TBTS Reviews: Dirty Three, Toward the Low Sun
As with my recent Archers of Loaf and Jeff Mangum reviews, all my observations of the Dirty Three’s new album, Toward the Low Sun, are colored by a deep and longtime love of the band. Since the mid-1990s, the terrific voice, alternately roiling and beatific, that Warren Ellis wrings from his violin has spoken to me more clearly and forcefully than nearly all other voices in the rock world. 1996’s Horse Stories and 1998’s Ocean Songs are, for me, indispensable, as are a great number of Ellis’ collaborations with Nick Cave after his becoming a full-time Bad Seed more than a decade ago.
In that context, Toward the Low Sun is both a wonderful album and a bittersweet sign that Dirty Three are, on record at least,* substantially different from what they once were. Starting with the latter point and using Horse Stories as a contrast, the new Dirty Three album is more restrained, more cerebral, and seemingly more focused on composition. These signs of maturation are all good things in their own way, but what’s lost is the visceral gut-punch of Horse Stories tracks such as “Sue’s Last Ride” and “I Remember A Time When Once You Used to Love Me.” More than 15 years on, the evocative drama of the younger Dirty Three still astonishes. By comparison, there is nothing on Toward the Low Sun that matches the raw, animalistic charisma and towering magnitude of Horse Stories’ finest moments. Even the most confrontational moments on Toward the Low Sun, such as the clamorous conclusion of “Rising Below,” have a measured, sober, almost thoughtful air about them.
And yet Toward the Low Sun has quickly become my favorite Dirty Three album since Ocean Songs, which itself was far calmer and more studious than its unhinged predecessor. For every blazing thrill that’s been lost, Dirty Three has added ample, though subtler, appealing elements.
Chiefly, Jim White’s drumming on Toward the Low Sun is rhythmically tighter, more multidimensional, and more integral to the strength of Dirty Three’s songs than ever. I’ve always enjoyed White’s expressionistic playing, but on Toward the Low Sun he contributes as much color and shading as ever while achieving a new level of solidity and structural logic. White’s sustained assault on album opener “Furnace Skies” is more than a little reminiscent of Elvin Jones’ incendiary runs in the John Coltrane Quartet fifty years ago. He’s basically punching and kicking everything on his kit all at once, but it all fits—and that’s no small achievement. A few tracks later, White plays the most straightforward rock and roll beat I’ve ever heard from him—and it’s a good thing—on “That Was Was.” Given White’s penchant for charmingly loose, ramshackle playing on earlier albums, these and other rock-solid White moments on Toward the Low Sun are a bracing, pleasant surprise.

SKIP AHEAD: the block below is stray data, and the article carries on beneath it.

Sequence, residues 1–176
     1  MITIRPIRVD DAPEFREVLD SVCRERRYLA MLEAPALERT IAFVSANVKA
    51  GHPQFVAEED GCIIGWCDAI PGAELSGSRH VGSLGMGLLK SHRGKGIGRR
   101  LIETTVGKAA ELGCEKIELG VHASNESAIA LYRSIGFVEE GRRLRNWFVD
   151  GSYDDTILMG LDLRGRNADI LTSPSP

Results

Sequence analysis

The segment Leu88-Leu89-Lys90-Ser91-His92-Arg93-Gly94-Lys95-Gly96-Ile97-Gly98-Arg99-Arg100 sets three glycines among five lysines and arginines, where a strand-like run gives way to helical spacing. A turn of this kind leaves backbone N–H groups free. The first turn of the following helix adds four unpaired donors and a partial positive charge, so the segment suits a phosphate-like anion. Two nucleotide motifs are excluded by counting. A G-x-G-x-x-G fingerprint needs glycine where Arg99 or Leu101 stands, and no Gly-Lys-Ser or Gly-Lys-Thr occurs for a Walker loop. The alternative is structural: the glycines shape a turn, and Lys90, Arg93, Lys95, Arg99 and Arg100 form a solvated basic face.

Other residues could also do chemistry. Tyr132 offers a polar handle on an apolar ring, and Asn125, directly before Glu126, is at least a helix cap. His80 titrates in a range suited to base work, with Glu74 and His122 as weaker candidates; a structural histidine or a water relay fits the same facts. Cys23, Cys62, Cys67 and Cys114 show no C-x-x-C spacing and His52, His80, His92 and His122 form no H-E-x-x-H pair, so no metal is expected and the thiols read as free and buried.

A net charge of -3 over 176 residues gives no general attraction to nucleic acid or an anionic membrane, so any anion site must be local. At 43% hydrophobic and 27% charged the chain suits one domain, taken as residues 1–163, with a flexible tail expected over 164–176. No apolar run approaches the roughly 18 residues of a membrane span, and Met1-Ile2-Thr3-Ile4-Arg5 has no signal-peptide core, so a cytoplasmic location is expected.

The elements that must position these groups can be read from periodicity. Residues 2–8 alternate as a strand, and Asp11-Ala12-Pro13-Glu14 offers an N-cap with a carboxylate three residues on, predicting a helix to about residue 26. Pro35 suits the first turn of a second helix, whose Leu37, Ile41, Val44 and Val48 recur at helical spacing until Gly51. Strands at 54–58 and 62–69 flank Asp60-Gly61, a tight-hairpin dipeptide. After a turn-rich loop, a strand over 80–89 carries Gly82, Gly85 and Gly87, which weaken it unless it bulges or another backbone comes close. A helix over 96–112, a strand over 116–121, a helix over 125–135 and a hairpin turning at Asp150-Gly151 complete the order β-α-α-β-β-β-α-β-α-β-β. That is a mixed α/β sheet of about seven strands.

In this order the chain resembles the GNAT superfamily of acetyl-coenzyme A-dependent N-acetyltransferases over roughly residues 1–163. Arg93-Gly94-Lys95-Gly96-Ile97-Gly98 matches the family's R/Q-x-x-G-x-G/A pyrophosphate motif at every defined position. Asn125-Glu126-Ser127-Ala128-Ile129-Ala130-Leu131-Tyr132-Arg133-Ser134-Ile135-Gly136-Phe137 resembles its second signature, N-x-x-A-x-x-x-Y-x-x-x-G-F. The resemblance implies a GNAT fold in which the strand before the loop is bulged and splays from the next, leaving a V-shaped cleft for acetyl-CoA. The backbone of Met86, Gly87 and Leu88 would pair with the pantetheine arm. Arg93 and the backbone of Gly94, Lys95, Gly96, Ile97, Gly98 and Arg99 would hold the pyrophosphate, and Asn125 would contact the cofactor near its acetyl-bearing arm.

Another area in which Toward the Low Sun excels is its instrumental and compositional diversity. Dirty Three continues to stretch beyond its origins as a rigidly defined violin/guitar/drums unit making what essentially sounded like live-in-the-studio records as a trio. The lovely piano on the transcendent “Ashen Snow” is an essential piece of the track’s success, as is the groaning Farfisa in “Furnace Skies” (as an accent to White’s drumming, which is basically the lead instrument in the track). Many songs feature multiple tracks of Ellis’ violin and other strings, often with attractive interplay between simultaneous plucked and bowed violin phrases.
In short, Toward the Low Sun shows that Dirty Three’s records may not be as formidable or explosive as they once were, but the band still has plenty of weapons in the arsenal and can still launch an impressive attack.
*Well-mannered studio recordings or no, this mad, fevered, ridiculously moving 2010 hotel-room performance with Nick Cave shows that the live Dirty Three can still knock you over, even if you think you’ve braced yourself.